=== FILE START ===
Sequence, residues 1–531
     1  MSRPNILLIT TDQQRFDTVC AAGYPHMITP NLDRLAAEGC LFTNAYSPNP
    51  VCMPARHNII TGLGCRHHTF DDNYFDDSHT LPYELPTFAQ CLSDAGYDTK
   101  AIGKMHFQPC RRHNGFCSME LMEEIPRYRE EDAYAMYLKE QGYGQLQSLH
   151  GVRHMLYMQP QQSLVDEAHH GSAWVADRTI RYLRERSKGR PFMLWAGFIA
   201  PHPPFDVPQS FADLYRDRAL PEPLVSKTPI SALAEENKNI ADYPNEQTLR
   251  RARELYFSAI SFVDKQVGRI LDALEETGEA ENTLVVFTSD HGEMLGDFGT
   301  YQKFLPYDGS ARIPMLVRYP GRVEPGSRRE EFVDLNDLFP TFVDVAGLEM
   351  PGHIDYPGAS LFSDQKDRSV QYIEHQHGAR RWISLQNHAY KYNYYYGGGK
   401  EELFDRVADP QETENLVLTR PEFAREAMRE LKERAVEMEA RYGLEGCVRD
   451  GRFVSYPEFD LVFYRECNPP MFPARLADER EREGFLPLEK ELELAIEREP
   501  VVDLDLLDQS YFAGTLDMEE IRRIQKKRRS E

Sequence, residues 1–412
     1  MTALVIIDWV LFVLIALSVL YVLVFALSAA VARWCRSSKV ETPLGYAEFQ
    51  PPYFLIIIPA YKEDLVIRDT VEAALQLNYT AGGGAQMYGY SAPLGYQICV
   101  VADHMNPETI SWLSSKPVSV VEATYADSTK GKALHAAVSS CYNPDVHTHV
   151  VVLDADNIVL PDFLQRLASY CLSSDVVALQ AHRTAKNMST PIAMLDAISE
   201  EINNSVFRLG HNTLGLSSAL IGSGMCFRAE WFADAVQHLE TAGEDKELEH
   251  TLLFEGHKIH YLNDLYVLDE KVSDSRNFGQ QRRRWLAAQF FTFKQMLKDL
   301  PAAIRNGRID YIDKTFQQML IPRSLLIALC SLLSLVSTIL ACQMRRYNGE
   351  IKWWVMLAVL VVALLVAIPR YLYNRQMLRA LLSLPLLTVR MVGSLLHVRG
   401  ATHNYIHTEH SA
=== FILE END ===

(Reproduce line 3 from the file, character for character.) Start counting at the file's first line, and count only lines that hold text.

    51  VCMPARHNII TGLGCRHHTF DDNYFDDSHT LPYELPTFAQ CLSDAGYDTK